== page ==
Learner drivers face jail time for cheating on their tests – Driving test fraud on the rise

Learner drivers face jail time for cheating on their tests – Driving test fraud on the rise
Record numbers of learner drivers are risking jail by using impersonators to cheat on their driving tests, shocking new research reports.

According to figures from the Driver and Vehicle Standards Agency (DVSA), there were 889 cases of driving test fraud reported in 2018/19 – up significantly on previous years.

Learners are paying up to £1,600 for an impersonator to sit their practical test for them, while theory test fraudsters are forking out up to £800.

As well as posing a danger to other road users, offenders could be hit with driving bans, heavy fines and even face jail time if their case ends up in court.

The latest figures highlight the growing problem of test fraud, with 755 cases registered in 2014/15, but just 158 back in 2004.

Most offenders use impersonators to stand in for them in theory and practical exams, although some use corrupt instructors who will provide correct test answers in exchange for cash.

In response to the figures, the DVSA said better detection was one of the main reasons behind the sharp increase in the number of fraudsters.

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The DVSA’s Mark Dunnery said: “At the theory test centre we have CCTV which can identify whether the person is acting suspiciously.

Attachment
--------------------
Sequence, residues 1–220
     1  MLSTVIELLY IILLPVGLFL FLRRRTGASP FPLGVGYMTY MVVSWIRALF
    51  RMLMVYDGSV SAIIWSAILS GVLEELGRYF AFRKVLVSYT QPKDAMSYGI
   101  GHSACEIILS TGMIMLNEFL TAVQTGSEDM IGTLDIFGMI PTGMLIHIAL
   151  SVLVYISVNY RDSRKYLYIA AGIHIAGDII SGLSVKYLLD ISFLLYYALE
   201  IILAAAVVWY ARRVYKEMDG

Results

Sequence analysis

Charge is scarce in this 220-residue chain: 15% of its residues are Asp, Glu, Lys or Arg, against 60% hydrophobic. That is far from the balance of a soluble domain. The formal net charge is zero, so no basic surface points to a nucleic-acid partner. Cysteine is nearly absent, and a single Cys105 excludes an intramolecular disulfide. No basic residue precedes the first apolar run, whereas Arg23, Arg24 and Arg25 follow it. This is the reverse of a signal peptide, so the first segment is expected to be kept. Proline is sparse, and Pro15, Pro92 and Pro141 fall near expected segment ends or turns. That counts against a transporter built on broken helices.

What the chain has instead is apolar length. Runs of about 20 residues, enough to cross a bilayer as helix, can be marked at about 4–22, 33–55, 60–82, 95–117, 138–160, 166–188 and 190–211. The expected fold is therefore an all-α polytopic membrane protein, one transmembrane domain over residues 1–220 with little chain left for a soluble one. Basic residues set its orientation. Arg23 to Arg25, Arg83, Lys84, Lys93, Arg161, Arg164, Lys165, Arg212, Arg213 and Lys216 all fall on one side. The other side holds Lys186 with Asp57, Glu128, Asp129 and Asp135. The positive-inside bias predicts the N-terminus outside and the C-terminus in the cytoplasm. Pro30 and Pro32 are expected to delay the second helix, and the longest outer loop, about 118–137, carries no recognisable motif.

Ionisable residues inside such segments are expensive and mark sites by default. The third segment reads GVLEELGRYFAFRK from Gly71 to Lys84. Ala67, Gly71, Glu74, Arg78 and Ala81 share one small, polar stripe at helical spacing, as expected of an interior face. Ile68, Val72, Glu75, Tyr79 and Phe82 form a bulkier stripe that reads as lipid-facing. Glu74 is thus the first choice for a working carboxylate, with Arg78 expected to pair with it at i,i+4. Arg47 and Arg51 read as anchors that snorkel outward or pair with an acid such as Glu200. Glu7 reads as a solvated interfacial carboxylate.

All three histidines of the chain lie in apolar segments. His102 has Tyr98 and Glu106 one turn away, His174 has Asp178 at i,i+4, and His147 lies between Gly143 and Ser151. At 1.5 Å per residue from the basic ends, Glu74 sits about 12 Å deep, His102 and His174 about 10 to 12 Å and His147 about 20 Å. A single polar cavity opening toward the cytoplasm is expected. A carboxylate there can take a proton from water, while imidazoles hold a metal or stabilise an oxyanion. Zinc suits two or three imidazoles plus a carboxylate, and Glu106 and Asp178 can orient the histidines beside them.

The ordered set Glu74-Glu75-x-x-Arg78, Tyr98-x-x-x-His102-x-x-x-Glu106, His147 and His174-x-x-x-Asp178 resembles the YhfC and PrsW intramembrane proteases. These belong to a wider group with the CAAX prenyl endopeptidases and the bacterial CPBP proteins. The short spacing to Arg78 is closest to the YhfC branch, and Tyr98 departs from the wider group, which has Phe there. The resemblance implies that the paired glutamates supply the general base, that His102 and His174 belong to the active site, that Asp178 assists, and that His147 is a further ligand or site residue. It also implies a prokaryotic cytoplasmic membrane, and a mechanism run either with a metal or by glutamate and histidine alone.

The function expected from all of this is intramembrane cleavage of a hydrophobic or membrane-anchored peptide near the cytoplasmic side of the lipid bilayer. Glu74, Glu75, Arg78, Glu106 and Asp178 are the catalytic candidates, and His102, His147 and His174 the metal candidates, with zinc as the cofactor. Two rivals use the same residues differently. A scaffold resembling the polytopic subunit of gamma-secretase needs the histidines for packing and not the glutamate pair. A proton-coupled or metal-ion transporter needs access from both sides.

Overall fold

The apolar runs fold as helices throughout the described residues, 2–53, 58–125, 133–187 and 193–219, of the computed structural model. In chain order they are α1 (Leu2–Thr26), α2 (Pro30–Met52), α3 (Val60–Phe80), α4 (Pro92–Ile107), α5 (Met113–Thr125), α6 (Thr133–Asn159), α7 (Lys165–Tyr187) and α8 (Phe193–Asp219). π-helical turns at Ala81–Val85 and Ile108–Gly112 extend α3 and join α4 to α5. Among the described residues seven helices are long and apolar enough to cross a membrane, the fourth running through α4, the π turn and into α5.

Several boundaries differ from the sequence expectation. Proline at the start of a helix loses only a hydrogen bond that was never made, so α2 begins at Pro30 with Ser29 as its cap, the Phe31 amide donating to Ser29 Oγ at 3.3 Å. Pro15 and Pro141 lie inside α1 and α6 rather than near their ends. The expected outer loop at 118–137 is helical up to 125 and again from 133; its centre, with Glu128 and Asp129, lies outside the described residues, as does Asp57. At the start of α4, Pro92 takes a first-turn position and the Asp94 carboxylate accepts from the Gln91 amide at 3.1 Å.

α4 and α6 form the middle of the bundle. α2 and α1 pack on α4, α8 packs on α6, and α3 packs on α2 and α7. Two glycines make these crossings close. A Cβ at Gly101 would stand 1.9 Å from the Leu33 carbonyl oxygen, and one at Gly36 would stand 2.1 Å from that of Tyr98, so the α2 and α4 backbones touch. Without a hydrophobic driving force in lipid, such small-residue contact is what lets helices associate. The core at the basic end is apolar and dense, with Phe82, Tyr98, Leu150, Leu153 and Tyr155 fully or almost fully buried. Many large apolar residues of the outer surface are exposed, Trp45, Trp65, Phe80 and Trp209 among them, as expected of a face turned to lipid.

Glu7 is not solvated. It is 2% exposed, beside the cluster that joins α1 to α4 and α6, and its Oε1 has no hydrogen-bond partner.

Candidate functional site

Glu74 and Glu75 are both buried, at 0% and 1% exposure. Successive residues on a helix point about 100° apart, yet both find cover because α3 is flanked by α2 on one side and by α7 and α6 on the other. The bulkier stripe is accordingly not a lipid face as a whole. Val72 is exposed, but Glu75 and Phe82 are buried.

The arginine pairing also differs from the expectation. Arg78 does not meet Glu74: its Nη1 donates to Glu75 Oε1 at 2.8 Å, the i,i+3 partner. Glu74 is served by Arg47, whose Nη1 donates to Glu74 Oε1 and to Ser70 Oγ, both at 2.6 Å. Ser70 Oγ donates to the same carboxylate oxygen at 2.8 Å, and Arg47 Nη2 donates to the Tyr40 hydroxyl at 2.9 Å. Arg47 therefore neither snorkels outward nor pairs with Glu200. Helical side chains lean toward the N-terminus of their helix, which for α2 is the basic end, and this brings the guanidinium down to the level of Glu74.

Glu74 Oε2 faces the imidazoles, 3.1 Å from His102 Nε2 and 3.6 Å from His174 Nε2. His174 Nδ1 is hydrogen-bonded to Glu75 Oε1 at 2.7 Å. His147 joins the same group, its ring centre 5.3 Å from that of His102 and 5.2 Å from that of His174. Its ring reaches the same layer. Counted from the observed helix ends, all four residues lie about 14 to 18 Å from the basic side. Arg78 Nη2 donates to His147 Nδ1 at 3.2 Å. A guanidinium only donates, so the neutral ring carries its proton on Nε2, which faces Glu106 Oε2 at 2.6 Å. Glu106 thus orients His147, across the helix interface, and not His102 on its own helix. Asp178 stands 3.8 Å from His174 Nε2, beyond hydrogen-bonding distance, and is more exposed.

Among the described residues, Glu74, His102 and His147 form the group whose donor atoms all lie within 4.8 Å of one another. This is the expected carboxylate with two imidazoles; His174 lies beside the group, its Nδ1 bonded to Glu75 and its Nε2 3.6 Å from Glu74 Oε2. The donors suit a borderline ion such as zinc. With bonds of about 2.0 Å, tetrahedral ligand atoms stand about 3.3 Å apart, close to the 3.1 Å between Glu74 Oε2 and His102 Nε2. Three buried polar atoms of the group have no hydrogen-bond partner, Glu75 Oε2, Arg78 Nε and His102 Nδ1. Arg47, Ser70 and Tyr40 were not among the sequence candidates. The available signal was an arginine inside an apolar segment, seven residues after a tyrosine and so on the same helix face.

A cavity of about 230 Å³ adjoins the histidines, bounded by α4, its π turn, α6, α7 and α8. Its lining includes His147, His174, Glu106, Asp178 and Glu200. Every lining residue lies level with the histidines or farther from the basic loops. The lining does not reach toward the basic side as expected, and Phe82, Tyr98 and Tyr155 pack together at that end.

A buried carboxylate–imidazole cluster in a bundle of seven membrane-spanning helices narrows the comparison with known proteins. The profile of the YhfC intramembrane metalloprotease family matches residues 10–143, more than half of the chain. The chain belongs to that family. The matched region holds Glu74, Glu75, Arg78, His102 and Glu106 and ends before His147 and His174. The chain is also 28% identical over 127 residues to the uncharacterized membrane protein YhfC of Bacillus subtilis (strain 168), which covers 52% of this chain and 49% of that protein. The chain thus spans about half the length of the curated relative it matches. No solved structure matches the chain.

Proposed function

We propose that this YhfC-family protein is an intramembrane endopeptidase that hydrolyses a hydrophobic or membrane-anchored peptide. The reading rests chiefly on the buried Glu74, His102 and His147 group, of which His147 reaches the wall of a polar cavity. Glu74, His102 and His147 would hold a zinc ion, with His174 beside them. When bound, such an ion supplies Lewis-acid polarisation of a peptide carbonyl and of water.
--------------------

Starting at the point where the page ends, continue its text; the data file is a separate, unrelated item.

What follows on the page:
“The message to anyone that is thinking about doing this is: it won't be tolerated. We are on top of that regularly and we're having more effective results year on year. The chances are you'll go to prison.”

Neil Greig, director of policy and research at IAM RoadSmart, says offenders would be better off using the money and putting it towards lessons to ensure they can legally drive.

He said: “We think it is very dangerous because there is clear evidence that people who are driving illegally are more likely to be involved in hit-and-run accidents. It invalidates their insurance and MOT.

“Once you start driving illegally it does lead you down a bit of a dangerous path for other drivers as well.”

For more information on how to pass your driving test legally, check out our guide everything you need to know about losing your L-plates.

Copyright Press Association 2019. Motoring News articles do not reflect the RAC's views unless clearly stated.

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